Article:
Beijing — The discovery of the coronavirus in the bathroom of a vacant apartment in southern China is being taken as evidence that the pathogen spread up through sewage pipes after a toilet was flushed in another unit. The finding is adding to concerns over thein enclosed spaces, and not just in the same room, or even on the same floor.
The Chinese still remember thewho visited the Amoy Gardens apartment building in Hong Kong 17 years ago. His visit to one apartment eventually left more than 300 people in the building sick, and the virus, which is related to the one that causes COVID-19, is believed to have spread through the plumbing.
Genetic material indicating the presence of the new coronavirus was found on surface samples from the sink, faucet, and shower handle in the bathroom of the long-vacant 16th floor apartment in February in the city of Guangzhou.
The apartment is directly above the bathroom of an apartment in which five people were confirmed COVID-19-positive in late January, according to the study published recently in the Environment International journal by researchers at the Chinese Center for Disease Control and Prevention.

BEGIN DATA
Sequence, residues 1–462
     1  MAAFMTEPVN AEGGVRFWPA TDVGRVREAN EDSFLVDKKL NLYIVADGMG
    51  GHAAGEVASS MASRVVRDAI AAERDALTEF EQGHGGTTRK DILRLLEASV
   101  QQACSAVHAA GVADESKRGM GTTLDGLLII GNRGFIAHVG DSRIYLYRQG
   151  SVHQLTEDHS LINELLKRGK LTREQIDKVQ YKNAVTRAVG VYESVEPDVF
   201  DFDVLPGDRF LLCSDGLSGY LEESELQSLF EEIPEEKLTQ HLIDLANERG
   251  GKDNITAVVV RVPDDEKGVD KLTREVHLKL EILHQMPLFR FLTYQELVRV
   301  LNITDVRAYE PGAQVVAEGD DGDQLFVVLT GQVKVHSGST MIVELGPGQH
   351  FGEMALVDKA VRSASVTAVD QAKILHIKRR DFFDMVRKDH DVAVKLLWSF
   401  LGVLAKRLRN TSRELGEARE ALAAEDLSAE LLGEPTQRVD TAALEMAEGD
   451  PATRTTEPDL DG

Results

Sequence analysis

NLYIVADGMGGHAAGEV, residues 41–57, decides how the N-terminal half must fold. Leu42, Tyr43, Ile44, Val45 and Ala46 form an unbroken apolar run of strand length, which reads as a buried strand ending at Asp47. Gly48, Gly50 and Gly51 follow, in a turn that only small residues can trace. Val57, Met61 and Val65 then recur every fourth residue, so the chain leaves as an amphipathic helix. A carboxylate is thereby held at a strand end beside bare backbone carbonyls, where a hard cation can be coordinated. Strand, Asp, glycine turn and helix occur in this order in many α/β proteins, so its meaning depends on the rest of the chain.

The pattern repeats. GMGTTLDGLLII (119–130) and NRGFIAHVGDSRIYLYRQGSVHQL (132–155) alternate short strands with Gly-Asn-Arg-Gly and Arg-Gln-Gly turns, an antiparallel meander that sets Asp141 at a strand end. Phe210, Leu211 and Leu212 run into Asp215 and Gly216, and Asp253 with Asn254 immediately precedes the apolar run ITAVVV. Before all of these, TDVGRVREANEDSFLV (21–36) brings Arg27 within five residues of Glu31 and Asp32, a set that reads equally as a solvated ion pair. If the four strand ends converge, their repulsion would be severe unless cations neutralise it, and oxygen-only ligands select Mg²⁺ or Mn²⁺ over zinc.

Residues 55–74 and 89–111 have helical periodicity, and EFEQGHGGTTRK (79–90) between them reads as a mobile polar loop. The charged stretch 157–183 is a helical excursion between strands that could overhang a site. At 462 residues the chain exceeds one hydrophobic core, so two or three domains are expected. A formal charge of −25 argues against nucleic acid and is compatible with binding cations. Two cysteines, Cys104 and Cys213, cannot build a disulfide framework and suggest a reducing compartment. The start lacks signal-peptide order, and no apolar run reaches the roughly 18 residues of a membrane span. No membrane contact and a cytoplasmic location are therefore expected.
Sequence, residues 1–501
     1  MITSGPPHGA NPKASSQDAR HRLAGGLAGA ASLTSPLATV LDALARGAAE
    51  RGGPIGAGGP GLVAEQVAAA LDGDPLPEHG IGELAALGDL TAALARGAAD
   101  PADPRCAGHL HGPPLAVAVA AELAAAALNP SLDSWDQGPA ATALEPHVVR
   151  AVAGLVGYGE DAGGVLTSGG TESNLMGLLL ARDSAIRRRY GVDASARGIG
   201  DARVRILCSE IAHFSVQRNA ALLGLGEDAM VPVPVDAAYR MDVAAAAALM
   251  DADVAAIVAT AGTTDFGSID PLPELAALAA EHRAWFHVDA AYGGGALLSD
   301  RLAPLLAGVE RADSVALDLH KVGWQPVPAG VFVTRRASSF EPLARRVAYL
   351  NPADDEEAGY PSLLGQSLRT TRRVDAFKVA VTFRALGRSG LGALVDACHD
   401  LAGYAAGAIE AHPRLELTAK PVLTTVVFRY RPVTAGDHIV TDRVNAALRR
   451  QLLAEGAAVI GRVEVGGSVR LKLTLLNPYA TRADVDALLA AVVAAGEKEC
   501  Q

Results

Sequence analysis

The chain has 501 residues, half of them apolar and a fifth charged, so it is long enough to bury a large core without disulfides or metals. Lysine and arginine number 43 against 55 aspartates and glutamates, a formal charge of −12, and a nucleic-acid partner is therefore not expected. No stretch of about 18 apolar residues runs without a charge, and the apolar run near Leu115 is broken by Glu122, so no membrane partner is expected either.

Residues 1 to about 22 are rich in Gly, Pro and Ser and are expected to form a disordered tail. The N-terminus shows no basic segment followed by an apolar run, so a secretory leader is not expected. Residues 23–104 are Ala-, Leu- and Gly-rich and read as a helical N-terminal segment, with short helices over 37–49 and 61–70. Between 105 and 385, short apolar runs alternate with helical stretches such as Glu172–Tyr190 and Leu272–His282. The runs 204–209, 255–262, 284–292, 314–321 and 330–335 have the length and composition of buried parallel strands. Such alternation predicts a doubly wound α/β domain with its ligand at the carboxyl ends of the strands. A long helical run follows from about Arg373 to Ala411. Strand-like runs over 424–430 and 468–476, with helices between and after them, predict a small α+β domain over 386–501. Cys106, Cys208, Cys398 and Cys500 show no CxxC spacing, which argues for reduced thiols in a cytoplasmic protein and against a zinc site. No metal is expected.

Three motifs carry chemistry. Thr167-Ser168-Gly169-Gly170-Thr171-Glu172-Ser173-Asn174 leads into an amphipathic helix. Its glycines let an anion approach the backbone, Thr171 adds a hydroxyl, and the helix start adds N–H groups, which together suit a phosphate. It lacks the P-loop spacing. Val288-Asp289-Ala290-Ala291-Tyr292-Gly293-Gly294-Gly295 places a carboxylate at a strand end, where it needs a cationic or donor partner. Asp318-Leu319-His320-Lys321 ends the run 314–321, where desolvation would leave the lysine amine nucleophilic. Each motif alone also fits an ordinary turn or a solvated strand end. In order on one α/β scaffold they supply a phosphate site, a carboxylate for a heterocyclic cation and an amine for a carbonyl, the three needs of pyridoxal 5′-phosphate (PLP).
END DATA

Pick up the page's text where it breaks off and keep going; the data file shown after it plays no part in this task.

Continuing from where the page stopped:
The scientists carried out an experiment in the building, flushing the toilet in the 15th floor apartment and then looking for aerosolized virus in the units above.
“The possibility of aerosol transport through sewage pipe after flushing the toilet at the 15th floor restroom was confirmed,” the study concluded, noting that an “onsite tracer simulation experiment” found aerosols the bathrooms of apartments on the 25th and 27th floors of the same building, directly above the suspected source.
Four COVID-19 cases were confirmed on those two floors in early and mid-February, according to unpublished data from China’s CDC cited in the study.
“Evidence suggests the transmission of SARS-CoV-2 via aerosols is plausible under favorable conditions,” the researchers concluded, offering the latest evidence that the virus does travel through tiny particles in the air, not just larger droplets.
Although transmission via the shared elevator cannot be excluded, “this event is consistent with the findings of the Amoy Gardens SARS outbreak in Hong Kong in 2003,” the report stated. The leading theory in that outbreak focused on sewage backups in the apartment building, where the virus may have become aerosolized.
The Chinese researchers mentioned that with COVID-19, “toilets are a daily necessity, but may promote fecal-derived aerosol transmission if used improperly, particularly in hospitals.”
The World Health Organization came under pressure this summer and eventually conceded that, in addition to droplets, airborne particles could not be ruled out as the source of some reported COVID-19 outbreaks, especially in indoor settings with poor ventilation.